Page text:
Aside from the lack of a French setting and the lack of anyone speaking French (though there is a lone French character here), Whit Stillman's Damsels in Distress may very well be the Frenchest movie out there that doesn't have, well, that doesn't have a French setting nor anyone speaking French. In other words, Damsels in Distress plays out, both narratively and cinematically, with a much more French aesthetic than an American one. This is neither a compliment nor is it an insult, it is just an educated opinion from this particular film critic.
What this new film is for sure, though of course this is mere opinion as well, is pure, unadulterated fun. But it is a kind of fun with that aforementioned French aesthetic, which by definition shies away from any Americanized moviemaking traits such as over-explanation and typical three act story arcs, and therefore may very well be a welcome boon to we of the more cinepiliac bent, but will be, and has been from my perspective, the kind of so-called snooty art film from which the average multiplex moviegoer, and even many who call themselves indie film lovers, will run away from in either a fit of boredom at being subjected to something that is not so easily palatable and therefore not so easily understood for art's sake or one of indignation over their refusal to admit the damn thing went right over their respective heads. In other words, Damsels in Distress is just the kind of film that this critic can hunker down and get all kinds of cozy with. In other other words, it is a damn fine, damn witty and damn downright hilarious motion picture - no matter what anyone else may counter.
I keep harping on the reactions of the so-called huddled masses because as a person who not only writes about cinema for a living, but also runs an art house cinema with his lovely wife, I have seen first hand the droves of disgruntled filmgoers exiting the theatres with complaints of boredom and confusion over this very same film. Whether they just do not get what is going on - the film is set in a rather straight-forward linear manner and should not be seen as confusing in any way - or they are just used to a less free-form style of moviemaking and inevitably become disinterested with Stillman's choices as a writer and director, not to mention his rather keen seventies-esque cinematography choices, I do not dare speculate. But then I am not really here to take cheap jabs at those with more middle-of-the-road tastes than I or my film snob ilk (though, whether I like it or not, it is part of my rather snarky nature), so perhaps we should just end this line of questioning right now and move on to exactly what it was about this film that I enjoyed so much while others did not.
The smartness of the dialogue and the sly way Stillman manipulates us into changing allegiances several times throughout the film, are a big part of what this film does so so right. Stillman, who has not made a film since 1998's acerbic look at the waning days of Studio 54, The Last Days of Disco, is the kind of filmmaker who would never pander to his audience - who would never dumb down. Stillman's writing is pitch perfect in its wry and witty stylings and the way these words are put forth by the director's stable of peripherally known actresses is nothing shy of narrative brilliance, even if it is written and put forth in the most subtle, crafty manner. The highlight of these aforementioned relative unknowns is Greta Gerwig. Ms. Gerwig first gained cinephiliac prominence with the little-known but quite fascinating mumblecore film Hannah Takes the Stairs, before moving on to being Russell Brand's dream girl in the quite horrendous Arthur remake. Gerwig is an actress who should be more well known than she is, especially after seeing her crazy-eyed sweetheart Violet in this film, and hopefully she will be as she has a Woody Allen film on this coming fall's horizon.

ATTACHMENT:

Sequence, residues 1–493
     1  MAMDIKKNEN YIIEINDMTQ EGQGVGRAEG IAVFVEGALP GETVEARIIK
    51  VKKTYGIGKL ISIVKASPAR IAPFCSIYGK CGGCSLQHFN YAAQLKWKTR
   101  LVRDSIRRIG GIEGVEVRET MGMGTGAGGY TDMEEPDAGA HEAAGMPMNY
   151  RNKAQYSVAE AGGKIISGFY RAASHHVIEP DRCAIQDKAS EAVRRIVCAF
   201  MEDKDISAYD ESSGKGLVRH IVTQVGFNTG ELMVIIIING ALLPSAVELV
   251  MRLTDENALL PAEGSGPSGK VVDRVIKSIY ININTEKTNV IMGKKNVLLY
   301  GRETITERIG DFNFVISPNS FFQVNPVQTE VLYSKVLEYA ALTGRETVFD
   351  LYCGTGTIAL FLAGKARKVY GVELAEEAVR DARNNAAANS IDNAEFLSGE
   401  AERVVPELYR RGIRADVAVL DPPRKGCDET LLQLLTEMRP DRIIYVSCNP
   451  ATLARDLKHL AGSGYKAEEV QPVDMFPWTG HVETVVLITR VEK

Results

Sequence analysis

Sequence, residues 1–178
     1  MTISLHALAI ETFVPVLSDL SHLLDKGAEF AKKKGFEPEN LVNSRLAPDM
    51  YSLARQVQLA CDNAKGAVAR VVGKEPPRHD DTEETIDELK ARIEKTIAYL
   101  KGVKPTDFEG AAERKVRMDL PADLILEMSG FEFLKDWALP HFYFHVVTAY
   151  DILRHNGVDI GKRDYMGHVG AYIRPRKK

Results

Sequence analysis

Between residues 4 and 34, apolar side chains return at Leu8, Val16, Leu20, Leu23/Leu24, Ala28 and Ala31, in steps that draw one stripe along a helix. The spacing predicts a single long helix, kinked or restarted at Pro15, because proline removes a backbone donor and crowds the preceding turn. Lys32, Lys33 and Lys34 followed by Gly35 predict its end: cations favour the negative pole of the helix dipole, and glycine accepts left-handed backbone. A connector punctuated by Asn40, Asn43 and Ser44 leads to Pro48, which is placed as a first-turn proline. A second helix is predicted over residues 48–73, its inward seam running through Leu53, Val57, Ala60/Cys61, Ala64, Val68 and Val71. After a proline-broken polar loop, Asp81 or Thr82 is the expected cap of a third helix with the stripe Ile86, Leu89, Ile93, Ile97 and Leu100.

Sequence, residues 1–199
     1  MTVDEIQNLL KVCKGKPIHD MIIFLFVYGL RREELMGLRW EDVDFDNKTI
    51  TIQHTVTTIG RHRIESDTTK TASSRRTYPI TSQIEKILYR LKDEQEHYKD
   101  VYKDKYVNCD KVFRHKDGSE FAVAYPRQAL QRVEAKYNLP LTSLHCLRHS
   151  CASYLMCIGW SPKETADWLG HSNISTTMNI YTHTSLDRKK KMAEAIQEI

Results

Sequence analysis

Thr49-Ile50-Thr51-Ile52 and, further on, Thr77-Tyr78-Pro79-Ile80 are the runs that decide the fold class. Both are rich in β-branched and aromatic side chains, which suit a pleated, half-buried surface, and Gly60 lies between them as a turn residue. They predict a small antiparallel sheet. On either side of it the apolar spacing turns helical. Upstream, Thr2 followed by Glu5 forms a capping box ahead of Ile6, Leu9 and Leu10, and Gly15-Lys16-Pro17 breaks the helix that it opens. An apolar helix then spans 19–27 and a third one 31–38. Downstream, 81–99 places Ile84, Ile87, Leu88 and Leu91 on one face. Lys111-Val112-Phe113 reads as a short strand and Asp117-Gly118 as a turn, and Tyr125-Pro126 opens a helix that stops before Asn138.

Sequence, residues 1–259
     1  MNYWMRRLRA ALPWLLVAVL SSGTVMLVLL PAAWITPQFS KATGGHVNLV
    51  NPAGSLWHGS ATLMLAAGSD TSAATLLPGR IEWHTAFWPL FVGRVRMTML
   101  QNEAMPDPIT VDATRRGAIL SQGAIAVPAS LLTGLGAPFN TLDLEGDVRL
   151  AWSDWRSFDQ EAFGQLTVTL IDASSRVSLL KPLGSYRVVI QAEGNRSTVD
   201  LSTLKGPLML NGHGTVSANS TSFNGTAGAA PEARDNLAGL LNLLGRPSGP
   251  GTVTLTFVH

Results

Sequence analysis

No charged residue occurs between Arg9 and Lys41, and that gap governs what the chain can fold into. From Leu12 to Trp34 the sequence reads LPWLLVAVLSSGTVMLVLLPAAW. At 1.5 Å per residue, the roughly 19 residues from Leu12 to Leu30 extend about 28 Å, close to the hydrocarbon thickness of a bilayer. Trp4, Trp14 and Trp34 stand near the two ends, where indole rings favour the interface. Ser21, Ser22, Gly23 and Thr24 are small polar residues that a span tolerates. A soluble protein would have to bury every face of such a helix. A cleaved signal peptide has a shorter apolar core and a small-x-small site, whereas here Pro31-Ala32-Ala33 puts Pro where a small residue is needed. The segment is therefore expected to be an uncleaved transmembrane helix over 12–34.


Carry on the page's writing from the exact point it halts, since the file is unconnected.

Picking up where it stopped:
But it is more than mere words and acting that make this quite, unassuming film all that and a bag of chips. Stillman's ability to blend a quick-witted, intellectuality (some would say, and some have said pretentious) with a unique charm that can only be called highfalutin' kitsch, makes for the most intriguing of films. Sort of playing out as Heathers all grown-up - or at least slightly more grown-up - Damsels tells the story of a group of too-cool-for-school types who run a college suicide prevention center, and the random boys (listed as "Their Distress" in the credits) who either titillate or repulse their individual and oft-times ridiculously precocious sensibilities. Stillman incorporates a real sense of old timey storytelling into his modern day march of mental problems, and thanks to Violet and her gal pal's idea of depression therapy through dance, a few fun dance numbers to boot scoot boogie to as well. Why more moviegoers are not catching onto this film we may never know (though some rather snobbish reasons snarkily flit in and out of mind) but it is a shame that this film will be left wallowing in inevitable obscurity (outside of we freaky film folk) just because it is too smart or too witty or two "French" or too whatever. But then, what a way to go.